Monthly Archives: February 2012

How should journalists handle graphic citizen media?

Syrian protesters in front of the Syrian embassy in Cairo.

Bob Garfield of NPR’s “On the Media” has a fascinating conversation this week with NPR’s Andy Carvin and Sky News’ Neal Mann about whether they felt comfortable tweeting a horrifically graphic video of a Syrian boy whose lower face was blown off in the city of Homs, which is under attack by forces loyal to President Bashar al-Assad.

Mann’s answer: No. Carvin’s: Yes, with appropriate warnings.

I want to play the segment for my Reinventing the News students tomorrow. I thought it was a great example of the dilemmas faced by professional journalists whose duties now include curating citizen media. And I considered whether to show them the video. It’s not hard to find, though I won’t link to it. I’ve bookmarked it, and I’ll think about it a bit more. But right now I can’t imagine subjecting a captive audience of 15 students to such a disturbing video.

Frankly, even though Carvin says he gave his Twitter followers plenty of warning, I think I’m with Mann. Because what, really, is the larger meaning of the video? Carvin tells Garfield:

I shared the video because I actually thought it would snap people out of their complacency, because we’ve seen so many videos of people protesting, so many videos of people just laying there in hospitals. But there was something about this image, about being able to look this boy in the eye and see the numbness; his soul was already beginning to disappear at that point. It seemed to me emblematic of what was happening in Homs, and I wanted to give people that opportunity to watch it, if they chose.

Yet, driving home this evening, I heard a report about an investigation into the deaths of eight children killed in Afghanistan by a NATO air strike gone awry. Carvin wants us to know about the brutality of the Syrian government. Well, OK, but what about ours? Might a citizen journalist in Kapisa province have shot footage of a boy fatally injured by American-backed forces just as horrific as the one Carvin tweeted?

Not to stack the deck. I have enormous respect for Carvin, and his action definitely accomplished some good. As he tells it, because of his tweet, an emergency medical team mobilized in Lebanon, ready to help the injured boy. Unfortunately, he died before he could be spirited out of the country.

What the Assad regime is doing in Syria is absolutely savage. But the video doesn’t tell us much more than the universal reality that war is hell.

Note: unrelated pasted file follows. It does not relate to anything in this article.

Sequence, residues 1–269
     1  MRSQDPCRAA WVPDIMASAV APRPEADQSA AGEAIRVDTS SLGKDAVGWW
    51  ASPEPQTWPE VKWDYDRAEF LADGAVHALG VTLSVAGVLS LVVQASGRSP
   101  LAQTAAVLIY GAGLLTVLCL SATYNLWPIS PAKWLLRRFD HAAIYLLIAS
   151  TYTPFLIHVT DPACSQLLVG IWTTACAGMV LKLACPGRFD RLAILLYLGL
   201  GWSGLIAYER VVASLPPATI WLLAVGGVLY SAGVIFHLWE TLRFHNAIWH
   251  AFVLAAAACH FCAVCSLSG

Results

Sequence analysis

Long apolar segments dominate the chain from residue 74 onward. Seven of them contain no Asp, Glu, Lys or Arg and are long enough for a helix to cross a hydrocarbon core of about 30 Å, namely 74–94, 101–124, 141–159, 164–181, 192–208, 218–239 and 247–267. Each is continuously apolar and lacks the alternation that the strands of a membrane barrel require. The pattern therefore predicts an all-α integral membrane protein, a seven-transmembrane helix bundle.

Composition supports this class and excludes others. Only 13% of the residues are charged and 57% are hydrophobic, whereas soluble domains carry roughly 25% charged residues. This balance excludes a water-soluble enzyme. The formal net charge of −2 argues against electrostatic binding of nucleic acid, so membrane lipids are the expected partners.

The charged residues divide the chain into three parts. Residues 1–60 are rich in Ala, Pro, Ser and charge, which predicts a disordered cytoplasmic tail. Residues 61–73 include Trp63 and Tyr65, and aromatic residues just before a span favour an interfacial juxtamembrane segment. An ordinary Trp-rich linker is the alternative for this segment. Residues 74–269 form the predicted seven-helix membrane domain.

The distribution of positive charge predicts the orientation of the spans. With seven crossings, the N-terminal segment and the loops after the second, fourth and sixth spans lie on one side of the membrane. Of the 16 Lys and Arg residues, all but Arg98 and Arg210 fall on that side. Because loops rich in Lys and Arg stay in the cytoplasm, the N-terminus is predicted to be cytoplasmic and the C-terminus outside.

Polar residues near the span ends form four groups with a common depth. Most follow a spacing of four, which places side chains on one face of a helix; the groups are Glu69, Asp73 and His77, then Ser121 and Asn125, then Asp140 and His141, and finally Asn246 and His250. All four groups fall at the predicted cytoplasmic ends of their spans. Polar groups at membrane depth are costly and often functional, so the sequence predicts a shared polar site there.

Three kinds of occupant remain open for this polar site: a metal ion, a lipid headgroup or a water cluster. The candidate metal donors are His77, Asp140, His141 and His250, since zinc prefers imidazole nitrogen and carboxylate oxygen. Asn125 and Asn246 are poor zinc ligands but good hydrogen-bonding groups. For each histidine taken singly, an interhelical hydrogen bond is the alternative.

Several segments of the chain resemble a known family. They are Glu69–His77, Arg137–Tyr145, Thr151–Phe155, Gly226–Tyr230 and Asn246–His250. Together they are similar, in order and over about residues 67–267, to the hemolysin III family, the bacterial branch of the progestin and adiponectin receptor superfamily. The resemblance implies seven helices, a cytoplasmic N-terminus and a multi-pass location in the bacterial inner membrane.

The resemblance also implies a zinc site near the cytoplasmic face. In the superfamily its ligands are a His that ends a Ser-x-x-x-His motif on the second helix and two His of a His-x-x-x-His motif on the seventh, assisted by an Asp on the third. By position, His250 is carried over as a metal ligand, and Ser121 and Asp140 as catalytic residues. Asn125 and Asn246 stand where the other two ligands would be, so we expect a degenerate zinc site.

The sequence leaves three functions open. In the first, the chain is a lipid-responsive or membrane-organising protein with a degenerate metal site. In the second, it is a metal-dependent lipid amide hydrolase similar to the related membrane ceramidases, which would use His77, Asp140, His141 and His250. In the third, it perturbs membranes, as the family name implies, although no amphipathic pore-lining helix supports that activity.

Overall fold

Photo (cc) by Maggie Osama and republished here under a Creative Commons license. Some rights reserved.

Vote for me

Tip O’Neill said you can’t win if you don’t ask for people’s votes. So today I’d like to ask if you’d consider voting for Media Nation in BostInno’s Insider Awards. You can click here or on the blue box to the right. Scroll down to “Higher Education.” The deadline is Wednesday. Thank you.

Mitt Romney, the inevitable and unelectable man

Mitt Romney

It’s only another poll, but today’s news from Public Policy Polling that Rick Santorum has jumped out to a 38 percent to 23 percent lead over Mitt Romney prompts me ponder the fate of our former governor.

From the start, Romney’s candidacy has been defined by two dynamics.

On the one hand, there’s little doubt that he is absolutely unacceptable to right-wing Republicans, which is to say the people who actually comprise a majority of activists in the nominating process.

On the other hand, I can’t remember the last time a serious candidate for national office such as Romney was lucky enough to run against such a weak field of competitors. Santorum and Newt Gingrich are scarcely more credible than Michele Bachmann, Herman Cain and Rick Perry. Ron Paul is running for his own purposes, which do not include becoming president. (Frankly, I’m not even sure that was Santorum’s or Gingrich’s goal when they first started running. Gingrich, in particular, mainly seemed interested in selling books and boosting his speaking fees.)

It’s because of my “one hand” that I believed until late last fall that Romney would never win the nomination. It’s because of my “other hand” that I gradually came to believe Romney had to win — and that, in fact, the health of our democracy depended on his keeping genuine loathsome characters such as Gingrich and Santorum as far away from the White House as possible.

After Florida, it looked like it was finally over, and that sullen Republicans would do what they were told. After Colorado, Missouri and Minnesota, what will happen next is anyone’s guess. Romney’s craven speech at the Conservative Political Action Conference won’t help him, and his never-ending repositioning on issues has left him with an unappetizing choice between trying to look like he believes in something — anything — or giving in to his urge to tell whatever audience he’s speaking to exactly what he imagines it wants to hear.

If there’s still an authentic Romney underneath all the phony exteriors he’s tried on and discarded, then it is probably someone without a real political orientation — a pragmatic problem-solver, too liberal for Republicans (outside of Massachusetts), too conservative for Democrats, too bloodless and unappealing to be able to turn those qualities into a virtue, the way Ross Perot briefly did a dozen years two decades ago. [Seems like it was just last week!]